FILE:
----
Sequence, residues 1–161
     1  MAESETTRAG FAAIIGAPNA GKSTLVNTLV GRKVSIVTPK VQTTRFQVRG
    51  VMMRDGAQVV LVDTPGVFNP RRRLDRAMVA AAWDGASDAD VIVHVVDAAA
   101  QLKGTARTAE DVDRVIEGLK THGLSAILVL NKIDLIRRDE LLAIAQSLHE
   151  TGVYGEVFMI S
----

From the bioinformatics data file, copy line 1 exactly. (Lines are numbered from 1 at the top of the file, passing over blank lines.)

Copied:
Sequence, residues 1–161